In honor of Women’s History Month, we have chosen ten standout essay collections by women we’ve published in the last year. From Marilynne Robinson’s ruminations on modern politics and faith to Durga Chew-Bose’s exploration of creativity and first-generation American identity, these essay collections explore, instruct, question, challenge, confront, and resonate with us every day of every month. We are proud to showcase writers who push the boundaries of what an essay can do, offering fresh views of the world around us.
What Are We Doing Here? by Marilynne Robinson
Marilynne Robinson’s writing plumbs the human spirit to exceptional effect, garnering accolades from the National Book Critics Circle Award to the Pulitzer Prize. With her essay collection What Are We Doing Here?, Robinson turns her incisive mind to the challenges of our political climate and to questions of faith. Her powerful writing is at once a call to action and an earnest request that we engage in more introspection as a society and as individuals. These essays spring to life on the page, exemplifying Robinson’s peerless prose and boundless humanity.
Nothing Good Can Come from This by Kristi Coulter
Kristi Coulter inspired and incensed the internet when she wrote about what happened when she stopped drinking. Nothing Good Can Come from This is her debut—a frank, funny, and feminist essay collection by a keen-eyed observer offering a portrait of a life in transition. By turns hilarious and heartrending, this collection explores society’s complex expectations of women in sex, power, love, work, and addiction. Nothing Good Can Come from This introduces a fierce new voice, perfect for anyone who has ever stood in the middle of a so-called perfect life and looked for an escape hatch.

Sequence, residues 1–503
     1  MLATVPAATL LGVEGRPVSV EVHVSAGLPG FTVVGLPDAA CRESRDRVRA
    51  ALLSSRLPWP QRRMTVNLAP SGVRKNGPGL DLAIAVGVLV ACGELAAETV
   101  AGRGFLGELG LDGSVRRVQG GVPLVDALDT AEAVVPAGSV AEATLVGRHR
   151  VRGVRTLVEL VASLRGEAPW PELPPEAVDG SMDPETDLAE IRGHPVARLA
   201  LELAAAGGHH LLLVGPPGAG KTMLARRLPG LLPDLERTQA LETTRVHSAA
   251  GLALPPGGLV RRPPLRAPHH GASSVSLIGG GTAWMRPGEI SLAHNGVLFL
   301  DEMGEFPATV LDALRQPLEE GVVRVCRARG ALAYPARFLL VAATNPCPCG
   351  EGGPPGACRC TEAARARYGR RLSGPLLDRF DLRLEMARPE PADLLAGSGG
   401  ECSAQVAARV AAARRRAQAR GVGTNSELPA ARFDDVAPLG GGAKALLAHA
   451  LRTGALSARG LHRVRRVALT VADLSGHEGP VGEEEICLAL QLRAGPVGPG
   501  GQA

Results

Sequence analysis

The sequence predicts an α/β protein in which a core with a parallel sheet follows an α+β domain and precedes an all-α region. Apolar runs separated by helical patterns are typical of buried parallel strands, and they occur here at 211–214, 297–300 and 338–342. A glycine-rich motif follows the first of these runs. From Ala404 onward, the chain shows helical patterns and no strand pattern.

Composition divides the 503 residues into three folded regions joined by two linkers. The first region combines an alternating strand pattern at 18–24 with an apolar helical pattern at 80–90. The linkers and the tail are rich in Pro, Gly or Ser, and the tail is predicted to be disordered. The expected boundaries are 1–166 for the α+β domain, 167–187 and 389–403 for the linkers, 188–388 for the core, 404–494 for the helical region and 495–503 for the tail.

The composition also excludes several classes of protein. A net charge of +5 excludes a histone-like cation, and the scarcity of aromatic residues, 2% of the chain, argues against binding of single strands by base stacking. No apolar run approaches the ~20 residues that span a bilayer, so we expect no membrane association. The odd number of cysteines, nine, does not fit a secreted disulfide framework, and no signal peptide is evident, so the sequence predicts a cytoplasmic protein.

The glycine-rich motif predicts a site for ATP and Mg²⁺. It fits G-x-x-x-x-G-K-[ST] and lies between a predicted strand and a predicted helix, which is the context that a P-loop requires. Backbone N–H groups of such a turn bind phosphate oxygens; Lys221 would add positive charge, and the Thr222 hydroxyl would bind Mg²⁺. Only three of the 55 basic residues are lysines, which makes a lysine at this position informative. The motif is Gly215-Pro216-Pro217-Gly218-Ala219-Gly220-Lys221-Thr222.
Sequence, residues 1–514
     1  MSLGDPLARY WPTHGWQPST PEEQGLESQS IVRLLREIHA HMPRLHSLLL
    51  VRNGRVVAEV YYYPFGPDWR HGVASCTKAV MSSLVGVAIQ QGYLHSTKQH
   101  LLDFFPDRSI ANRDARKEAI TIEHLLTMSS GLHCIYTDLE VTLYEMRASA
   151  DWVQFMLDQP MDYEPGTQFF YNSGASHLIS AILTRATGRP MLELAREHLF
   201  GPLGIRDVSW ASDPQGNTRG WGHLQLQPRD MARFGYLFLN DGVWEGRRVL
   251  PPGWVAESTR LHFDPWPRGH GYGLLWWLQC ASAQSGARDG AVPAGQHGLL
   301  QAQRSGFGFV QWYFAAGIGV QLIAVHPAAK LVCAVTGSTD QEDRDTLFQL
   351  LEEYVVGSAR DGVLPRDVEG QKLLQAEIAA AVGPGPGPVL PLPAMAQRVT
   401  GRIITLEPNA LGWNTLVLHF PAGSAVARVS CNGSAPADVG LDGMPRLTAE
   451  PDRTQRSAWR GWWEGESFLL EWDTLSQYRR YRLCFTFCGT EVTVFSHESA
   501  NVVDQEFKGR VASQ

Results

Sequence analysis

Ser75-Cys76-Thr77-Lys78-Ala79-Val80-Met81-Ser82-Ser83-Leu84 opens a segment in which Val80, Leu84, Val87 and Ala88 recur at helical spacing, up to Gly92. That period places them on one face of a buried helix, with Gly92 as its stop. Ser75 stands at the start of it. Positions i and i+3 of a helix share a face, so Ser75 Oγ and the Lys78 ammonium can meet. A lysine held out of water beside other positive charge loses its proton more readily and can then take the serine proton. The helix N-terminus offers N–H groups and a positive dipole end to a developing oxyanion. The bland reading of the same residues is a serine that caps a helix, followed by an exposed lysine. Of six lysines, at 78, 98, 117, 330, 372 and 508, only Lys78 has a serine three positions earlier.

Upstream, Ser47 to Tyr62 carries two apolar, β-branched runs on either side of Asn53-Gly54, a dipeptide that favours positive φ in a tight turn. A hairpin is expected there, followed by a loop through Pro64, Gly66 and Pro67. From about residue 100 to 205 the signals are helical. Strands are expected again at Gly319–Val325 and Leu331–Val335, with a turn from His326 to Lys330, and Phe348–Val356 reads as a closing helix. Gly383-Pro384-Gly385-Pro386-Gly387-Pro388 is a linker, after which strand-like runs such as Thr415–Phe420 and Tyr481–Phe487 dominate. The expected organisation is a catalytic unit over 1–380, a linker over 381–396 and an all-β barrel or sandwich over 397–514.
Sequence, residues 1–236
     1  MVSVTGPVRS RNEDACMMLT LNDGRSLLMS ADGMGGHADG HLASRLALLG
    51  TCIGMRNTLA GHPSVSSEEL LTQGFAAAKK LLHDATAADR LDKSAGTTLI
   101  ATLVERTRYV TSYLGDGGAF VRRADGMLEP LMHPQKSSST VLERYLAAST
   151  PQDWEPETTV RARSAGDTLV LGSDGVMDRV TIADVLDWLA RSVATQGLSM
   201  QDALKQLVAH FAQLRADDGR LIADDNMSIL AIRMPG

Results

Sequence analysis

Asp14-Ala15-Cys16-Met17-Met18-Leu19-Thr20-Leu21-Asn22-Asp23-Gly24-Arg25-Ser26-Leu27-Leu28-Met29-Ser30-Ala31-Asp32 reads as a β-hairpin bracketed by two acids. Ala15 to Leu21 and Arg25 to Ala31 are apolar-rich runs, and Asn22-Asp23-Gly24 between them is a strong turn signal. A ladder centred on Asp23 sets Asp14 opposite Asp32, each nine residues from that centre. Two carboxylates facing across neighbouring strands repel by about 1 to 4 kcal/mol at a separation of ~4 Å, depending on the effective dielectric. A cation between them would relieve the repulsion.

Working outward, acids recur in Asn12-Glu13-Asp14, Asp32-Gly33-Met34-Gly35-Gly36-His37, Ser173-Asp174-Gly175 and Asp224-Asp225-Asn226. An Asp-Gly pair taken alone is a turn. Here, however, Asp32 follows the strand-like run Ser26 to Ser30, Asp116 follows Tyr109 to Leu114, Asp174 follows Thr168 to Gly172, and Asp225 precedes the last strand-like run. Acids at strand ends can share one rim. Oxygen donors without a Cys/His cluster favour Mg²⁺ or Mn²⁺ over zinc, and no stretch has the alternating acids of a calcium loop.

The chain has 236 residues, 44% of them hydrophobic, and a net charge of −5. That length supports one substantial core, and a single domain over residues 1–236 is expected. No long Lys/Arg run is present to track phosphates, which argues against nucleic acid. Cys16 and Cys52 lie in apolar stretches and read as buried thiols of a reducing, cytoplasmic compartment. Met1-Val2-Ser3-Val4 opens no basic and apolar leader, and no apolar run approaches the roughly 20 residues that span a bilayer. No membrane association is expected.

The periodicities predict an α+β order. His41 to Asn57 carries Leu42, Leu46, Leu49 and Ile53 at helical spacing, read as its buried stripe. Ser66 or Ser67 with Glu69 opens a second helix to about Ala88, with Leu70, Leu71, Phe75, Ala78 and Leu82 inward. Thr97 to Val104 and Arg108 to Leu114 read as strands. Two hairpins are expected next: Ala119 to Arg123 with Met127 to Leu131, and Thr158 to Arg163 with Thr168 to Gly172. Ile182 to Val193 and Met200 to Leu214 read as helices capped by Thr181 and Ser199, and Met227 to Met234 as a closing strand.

Too Much and Not the Mood by Durga Chew-Bose
This debut essay collection—part memoir, part criticism—offers an intimate and lyrical collection of poetic essays that examine personhood and artistic growth. Chew-Bose is a first-generation Indian-Canadian living in Brooklyn, and her writing allows her a space for self-reflection as she forges links between identity and culture. Chew-Bose’s sharp insights turn “the vulnerability inherent in being a woman of color into strength” (Slate).